The pancreatic hormone insulin is a key hormone in maintenance of metabolic homeostasis but it also exerts control on gene expression and cell growth. This thesis presents results on fhe role of caveolae in insulin signalling in human and rat adipocytes. Caveolae are invaginations of the plasma membrane, characterised by the structural protein caveolin. Caveolae and caveolin have been implicated in a variety of functions, like uptake of molecular cargo into the cell, cholesterol transport and signal transduction. After isolation of caveolae and using electron microscopy on cell membranes, the insulin receptor was demonstrated to be localised in caveolae of human adipocytes. We also used biochemical and morphological methods to show that the glucose transporter GLUT4 was translocated to caveolae in response to insulin in rat adipocytes, indicating fhat the caveola is the locale for glucose uptake in adipocytes.
Adipocytes fhat were depleted of cholesterol using ß-cyclodextrin lacked caveolae invaginations. In cells fhus depleted of cholesterol and caveolae, fhe insulin receptor itself was not affected, but insulin signalling to metabolic control was inhibited. In rat adipocytes, insulin signalling to mitogenic control was not affected. In human fat cells, however, insulin's mitogenic signalling was dependent on caveolae/cholesterol. In contrast to other cells studied, including rat adipocytes, where the insulin receptor substrate (IRS-1) is mainly cytosolic, in human adipocytes IRS-1 was found in the plasma membrane and in caveolae. These results show the importance of choosing the relevant system to work with, since there are clear species differences.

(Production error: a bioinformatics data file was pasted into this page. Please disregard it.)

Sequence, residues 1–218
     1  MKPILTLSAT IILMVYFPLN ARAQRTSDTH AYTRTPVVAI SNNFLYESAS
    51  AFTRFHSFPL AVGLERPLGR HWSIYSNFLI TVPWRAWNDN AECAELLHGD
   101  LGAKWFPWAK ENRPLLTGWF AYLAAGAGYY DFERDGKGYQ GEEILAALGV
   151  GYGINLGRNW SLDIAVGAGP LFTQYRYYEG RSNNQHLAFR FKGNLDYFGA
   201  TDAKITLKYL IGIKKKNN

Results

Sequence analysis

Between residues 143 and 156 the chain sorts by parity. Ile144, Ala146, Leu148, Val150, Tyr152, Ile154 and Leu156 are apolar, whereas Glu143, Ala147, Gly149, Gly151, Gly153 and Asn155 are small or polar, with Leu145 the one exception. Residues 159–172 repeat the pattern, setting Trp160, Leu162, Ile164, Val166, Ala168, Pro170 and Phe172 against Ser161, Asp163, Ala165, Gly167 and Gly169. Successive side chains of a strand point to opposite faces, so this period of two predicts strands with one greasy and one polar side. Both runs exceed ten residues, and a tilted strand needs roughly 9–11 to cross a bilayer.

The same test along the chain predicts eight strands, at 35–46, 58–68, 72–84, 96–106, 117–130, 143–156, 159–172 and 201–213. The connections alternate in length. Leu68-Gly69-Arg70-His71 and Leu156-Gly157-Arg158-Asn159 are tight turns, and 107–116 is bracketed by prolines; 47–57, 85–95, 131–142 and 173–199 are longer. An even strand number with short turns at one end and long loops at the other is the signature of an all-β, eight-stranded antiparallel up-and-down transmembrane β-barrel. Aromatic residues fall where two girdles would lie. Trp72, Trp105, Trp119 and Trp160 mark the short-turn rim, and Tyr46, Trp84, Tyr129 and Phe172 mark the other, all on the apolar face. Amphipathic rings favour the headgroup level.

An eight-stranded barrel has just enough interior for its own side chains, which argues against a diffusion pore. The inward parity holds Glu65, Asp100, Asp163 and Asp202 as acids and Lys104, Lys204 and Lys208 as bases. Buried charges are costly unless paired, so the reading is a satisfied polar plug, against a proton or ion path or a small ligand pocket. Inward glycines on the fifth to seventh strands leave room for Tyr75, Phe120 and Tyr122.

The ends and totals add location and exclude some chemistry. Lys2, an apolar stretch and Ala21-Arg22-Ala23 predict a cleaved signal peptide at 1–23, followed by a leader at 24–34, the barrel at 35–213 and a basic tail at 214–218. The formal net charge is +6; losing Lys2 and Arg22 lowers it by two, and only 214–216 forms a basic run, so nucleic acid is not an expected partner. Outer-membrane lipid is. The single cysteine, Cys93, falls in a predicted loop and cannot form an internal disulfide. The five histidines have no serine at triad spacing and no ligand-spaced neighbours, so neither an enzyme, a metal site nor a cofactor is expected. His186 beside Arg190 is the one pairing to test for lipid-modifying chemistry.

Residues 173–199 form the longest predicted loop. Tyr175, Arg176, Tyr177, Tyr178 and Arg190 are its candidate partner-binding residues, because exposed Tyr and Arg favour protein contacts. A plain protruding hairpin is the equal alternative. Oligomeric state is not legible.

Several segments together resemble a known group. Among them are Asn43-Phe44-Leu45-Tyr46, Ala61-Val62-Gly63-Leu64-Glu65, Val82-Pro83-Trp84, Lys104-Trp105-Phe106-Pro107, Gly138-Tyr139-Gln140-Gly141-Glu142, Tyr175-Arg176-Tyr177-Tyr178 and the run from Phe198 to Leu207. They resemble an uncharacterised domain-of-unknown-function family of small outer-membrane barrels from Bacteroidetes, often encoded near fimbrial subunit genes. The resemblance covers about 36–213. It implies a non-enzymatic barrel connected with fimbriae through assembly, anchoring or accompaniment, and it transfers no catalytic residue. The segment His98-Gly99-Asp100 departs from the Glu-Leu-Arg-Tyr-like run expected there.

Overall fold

We performed an analysis of the lipid composition of purified caveolae from rat adipocytes. As expected, cholesterol constitutes a major part of caveolae, but there is also an enrichment of sphingomyelin and the gangliosides GM1, GM3, GD3 and GD1a, while there is less protein, compared to the surrounding plasma membrane.
Taken together, caveolae appear as hnbs for insulin signalling. Caveolae seem necessary for fhe maintenance of metabolic signalling, like glucose uptake, and defects in caveolae may thus be the cause of insulin resistance.
Linköping: Linköpings universitet , 2003. , 54 p.